"I haven't displayed my total game yet," he said afterwards. "It's still coming along. If you guys could see practice, you could see a different version of me. If I'm open, I'm going to take the shot, if I need to create, I'm going to do that. I'm going to take advantage of screens, if my number is called, you're going to see me being aggressive. Other times, I'm going to play a role. I can do some different things."

Asked for a tease of what we haven't been able to witness yet, McCollum smiled, and said only: "You'll see soon."

Stotts sounded thrilled by McCollum's play, which also included a nice floater in the lane, and he should be. Lillard played under 35 minutes for the second straight night, and that will be something to track here once Portland's competition stiffens. On the season, Lillard is down two minutes a night from his league-leading rookie year load, and the addition of McCollum potentially offers the chance to shave a few more minutes from his plate.

"[McCollum] was terrific," Stotts said. "He kept us afloat in the first half. He came in aggressive, he looked for his shots. ... He seemed like he was much more comfortable tonight than he was in his first game."

The playing time issue was raised by Lillard a few times during the offseason, but it's really been a non-subject so far this season. On Wednesday, he was asked if McCollum's addition might make his life easier, but he passed off the question rather than jumping on it like a worn down player would. There's no magic number when it comes to playing time, but 36 certainly sounds better than 38, and 34 sounds even better than 36, so long as the Williams/McCollum duo can approximate what Lillard brings to the table.

Although Stotts suggested that his team was playing down to the competition and Lopez was the only voice to really hammer on about the defensive intensity, others broached those subjects indirectly. To Lillard, the team's offensive success -- the ease with which the Blazers can put up 112 points, even on a "B" or "C" effort night -- has developed into a gift and a curse situation.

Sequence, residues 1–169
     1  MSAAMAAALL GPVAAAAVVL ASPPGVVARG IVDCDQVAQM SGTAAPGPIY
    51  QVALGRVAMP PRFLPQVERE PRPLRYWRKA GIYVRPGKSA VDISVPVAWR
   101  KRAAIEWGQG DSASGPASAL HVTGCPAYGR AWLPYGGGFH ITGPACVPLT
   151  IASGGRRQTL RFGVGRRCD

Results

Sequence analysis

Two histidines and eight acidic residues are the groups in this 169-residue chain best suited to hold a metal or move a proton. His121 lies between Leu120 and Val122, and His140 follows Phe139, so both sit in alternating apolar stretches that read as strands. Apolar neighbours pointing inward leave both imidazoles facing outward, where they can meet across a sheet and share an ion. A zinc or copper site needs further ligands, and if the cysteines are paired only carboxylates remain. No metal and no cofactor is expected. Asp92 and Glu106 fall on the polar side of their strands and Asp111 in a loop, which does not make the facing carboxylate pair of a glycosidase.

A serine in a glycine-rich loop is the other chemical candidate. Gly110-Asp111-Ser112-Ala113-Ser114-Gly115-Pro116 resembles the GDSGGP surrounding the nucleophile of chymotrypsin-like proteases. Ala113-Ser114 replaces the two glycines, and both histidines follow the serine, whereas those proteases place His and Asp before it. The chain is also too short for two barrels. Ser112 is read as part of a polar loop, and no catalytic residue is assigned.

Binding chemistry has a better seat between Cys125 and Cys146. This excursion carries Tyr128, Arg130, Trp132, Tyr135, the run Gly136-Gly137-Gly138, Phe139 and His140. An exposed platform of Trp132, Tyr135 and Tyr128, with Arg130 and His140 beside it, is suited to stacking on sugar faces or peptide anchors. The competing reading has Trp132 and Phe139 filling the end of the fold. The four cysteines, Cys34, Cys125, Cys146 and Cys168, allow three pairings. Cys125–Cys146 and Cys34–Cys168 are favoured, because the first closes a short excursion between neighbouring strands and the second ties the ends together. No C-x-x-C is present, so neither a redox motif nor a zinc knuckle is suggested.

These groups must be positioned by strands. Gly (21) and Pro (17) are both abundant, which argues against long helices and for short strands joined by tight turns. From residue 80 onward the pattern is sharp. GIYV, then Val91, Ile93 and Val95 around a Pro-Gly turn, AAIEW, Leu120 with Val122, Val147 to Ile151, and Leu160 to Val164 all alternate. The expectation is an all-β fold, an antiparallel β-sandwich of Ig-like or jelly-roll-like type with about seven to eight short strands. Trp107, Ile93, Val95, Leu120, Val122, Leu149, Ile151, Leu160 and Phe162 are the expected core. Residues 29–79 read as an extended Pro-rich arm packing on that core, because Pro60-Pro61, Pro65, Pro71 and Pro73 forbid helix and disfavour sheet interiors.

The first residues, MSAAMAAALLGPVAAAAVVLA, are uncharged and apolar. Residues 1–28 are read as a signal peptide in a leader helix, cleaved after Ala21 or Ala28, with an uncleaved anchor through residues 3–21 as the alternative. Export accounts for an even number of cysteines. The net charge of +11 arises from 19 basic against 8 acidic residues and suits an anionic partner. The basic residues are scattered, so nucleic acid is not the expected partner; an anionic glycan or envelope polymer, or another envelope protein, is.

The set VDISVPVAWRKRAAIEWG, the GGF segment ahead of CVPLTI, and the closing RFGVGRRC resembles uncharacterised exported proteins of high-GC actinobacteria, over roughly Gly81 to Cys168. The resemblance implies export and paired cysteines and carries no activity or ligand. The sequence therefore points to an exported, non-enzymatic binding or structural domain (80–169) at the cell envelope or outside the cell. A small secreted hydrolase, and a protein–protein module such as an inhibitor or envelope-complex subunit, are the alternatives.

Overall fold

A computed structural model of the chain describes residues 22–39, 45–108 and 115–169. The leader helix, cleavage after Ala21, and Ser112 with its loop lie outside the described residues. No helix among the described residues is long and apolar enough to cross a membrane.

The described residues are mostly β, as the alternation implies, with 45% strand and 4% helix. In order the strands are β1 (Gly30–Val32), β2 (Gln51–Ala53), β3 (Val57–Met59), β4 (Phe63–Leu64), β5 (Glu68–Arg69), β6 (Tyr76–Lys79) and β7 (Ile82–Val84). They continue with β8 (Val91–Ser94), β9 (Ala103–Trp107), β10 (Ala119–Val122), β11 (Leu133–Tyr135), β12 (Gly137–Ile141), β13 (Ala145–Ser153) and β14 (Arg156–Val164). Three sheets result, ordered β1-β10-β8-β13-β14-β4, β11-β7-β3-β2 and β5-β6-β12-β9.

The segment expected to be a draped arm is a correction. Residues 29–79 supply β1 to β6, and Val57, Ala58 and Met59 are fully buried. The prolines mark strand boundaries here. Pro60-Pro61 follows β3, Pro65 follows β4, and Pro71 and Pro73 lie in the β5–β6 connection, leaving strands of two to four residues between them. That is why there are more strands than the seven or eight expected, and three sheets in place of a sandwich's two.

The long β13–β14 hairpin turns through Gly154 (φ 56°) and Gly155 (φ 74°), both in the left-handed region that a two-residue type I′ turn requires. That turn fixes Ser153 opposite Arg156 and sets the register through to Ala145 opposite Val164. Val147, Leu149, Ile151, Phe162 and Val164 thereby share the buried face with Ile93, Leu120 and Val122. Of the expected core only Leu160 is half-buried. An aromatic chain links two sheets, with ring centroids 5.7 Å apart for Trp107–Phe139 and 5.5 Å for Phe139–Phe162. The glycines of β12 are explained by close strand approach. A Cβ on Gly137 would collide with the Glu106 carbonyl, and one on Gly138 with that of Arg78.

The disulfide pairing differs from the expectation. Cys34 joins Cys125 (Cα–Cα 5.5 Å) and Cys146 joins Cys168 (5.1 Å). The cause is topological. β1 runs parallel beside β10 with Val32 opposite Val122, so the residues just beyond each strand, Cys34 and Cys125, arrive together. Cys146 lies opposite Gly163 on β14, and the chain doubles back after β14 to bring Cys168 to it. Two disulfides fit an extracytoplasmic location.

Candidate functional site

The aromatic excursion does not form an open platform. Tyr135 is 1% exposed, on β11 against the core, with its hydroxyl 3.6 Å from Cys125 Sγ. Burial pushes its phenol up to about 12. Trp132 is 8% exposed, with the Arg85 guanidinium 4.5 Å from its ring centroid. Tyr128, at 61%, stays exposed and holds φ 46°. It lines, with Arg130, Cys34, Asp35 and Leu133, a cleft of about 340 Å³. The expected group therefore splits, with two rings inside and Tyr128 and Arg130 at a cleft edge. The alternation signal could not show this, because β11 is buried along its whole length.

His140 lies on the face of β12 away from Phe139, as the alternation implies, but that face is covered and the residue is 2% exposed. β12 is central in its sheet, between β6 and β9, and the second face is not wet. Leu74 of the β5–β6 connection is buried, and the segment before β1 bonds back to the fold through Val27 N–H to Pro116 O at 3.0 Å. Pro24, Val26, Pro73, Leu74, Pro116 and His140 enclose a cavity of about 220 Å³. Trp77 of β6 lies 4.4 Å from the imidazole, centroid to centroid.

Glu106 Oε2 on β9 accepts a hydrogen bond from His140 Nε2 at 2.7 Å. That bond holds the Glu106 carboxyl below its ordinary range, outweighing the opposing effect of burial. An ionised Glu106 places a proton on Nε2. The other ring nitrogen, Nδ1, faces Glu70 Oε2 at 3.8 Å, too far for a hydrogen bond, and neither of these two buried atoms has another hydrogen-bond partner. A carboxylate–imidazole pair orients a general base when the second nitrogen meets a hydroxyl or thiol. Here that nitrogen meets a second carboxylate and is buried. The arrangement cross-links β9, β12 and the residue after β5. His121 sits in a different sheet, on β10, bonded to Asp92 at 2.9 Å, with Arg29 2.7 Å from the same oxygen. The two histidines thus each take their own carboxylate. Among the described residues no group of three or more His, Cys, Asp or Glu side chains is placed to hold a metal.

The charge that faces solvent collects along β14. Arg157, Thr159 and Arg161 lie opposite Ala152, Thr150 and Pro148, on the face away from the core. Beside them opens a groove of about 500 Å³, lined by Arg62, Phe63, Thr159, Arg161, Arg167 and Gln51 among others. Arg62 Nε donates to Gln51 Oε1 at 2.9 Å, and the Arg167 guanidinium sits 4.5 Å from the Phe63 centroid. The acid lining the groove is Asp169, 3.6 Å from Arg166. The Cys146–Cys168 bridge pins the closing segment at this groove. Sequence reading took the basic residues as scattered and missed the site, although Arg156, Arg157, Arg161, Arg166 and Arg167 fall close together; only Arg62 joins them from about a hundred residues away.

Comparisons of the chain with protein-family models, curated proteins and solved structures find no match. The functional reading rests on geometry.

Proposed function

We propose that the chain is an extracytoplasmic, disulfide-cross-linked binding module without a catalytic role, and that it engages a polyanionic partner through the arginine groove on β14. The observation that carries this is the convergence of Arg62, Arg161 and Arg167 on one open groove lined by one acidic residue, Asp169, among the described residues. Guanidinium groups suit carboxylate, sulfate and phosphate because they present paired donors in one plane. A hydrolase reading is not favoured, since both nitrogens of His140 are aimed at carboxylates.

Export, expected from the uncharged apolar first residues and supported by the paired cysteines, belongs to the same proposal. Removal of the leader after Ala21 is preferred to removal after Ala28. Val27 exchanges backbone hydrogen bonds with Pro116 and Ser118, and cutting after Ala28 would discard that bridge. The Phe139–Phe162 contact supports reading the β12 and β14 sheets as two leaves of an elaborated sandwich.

"I think the problem is we feel like we can win games [regardless]," Lillard told Blazersedge. "We've been down 20 points at home and on the road and we come back and have been able to win games. It's us having that confidence in ourselves, we allow ourselves to relax [early]."

Informed of Lopez's comments, and asked if he felt like he was individually letting up early in games or whether it was a team-wide issue, Lillard agreed that the required effort isn't always there.

"It's a team thing," Lillard told Blazersedge. "It might be me one possession, another guy the next. As a whole, we've got to be better to start games. ... Coverages are not tight enough, lack of communication, we're not getting from 'A' to B' fast enough, we're playing slow. Other teams come in [playing] in attack mode, playing fast, and we're a step slow. They get a lead on us."

The upside is that this team rarely panics when it falls behind, it rarely falls behind by so much that the game gets out of reach, and it rarely deviates from its offensive system regardless of the point spread. What that system does, often but not always, is chew up these Eastern Conference cupcakes Felton-style over the course of a 48-minute game. Even on a so-so night from Lillard, in which he finished with 15 points (on 5-for-15 shooting) and six assists, Portland's attack -- which included 10 three-pointers and 31 second-chance points -- left first-year Celtics coach Brad Stevens gushing.

"Their offense was just outstanding," the former Butler coach said. "We talked about the continuity of their system, and they know their reads inside and out. Especially when they have Williams and Lillard in. Gosh, their ability to put the ball on the floor. You've got to be cognizant of where your guys are because they score so well."

That impressed outside sentiment, however, was not shared inside the Blazers' locker room.

"I kind of like the mood," Matthews said. "We were excited by the win, but we weren't excited by how we got it. ... We'll take every single win every single way, [but] we demand more of ourselves."

The takeaway sensation was one of teenage procrastination: they're well aware of the issues, they're not totally sure how to solve them and they can't guarantee when they will be solved, but they're pretty confident that things will work out in the end. Anyway, there were other places to be, and the win had been secured, so the anger and the deep self-examination would need to come at some other, later date.

The fewest words and the cleanest exit were of greater immediate importance, and the simplest explanation did well to capture the state of the union.

"We gotta start the game at 7:00, not 8:00 or 8:30 every time," said Batum, before making his way towards an off day.

Random Game Notes

  • The crowd was announced at 20,011 (a sellout). Lots of Celtics fans in attendance despite the team's rebuilding campaign.
  • Here are the game highlights via YouTube user PortlandTrailBlazers.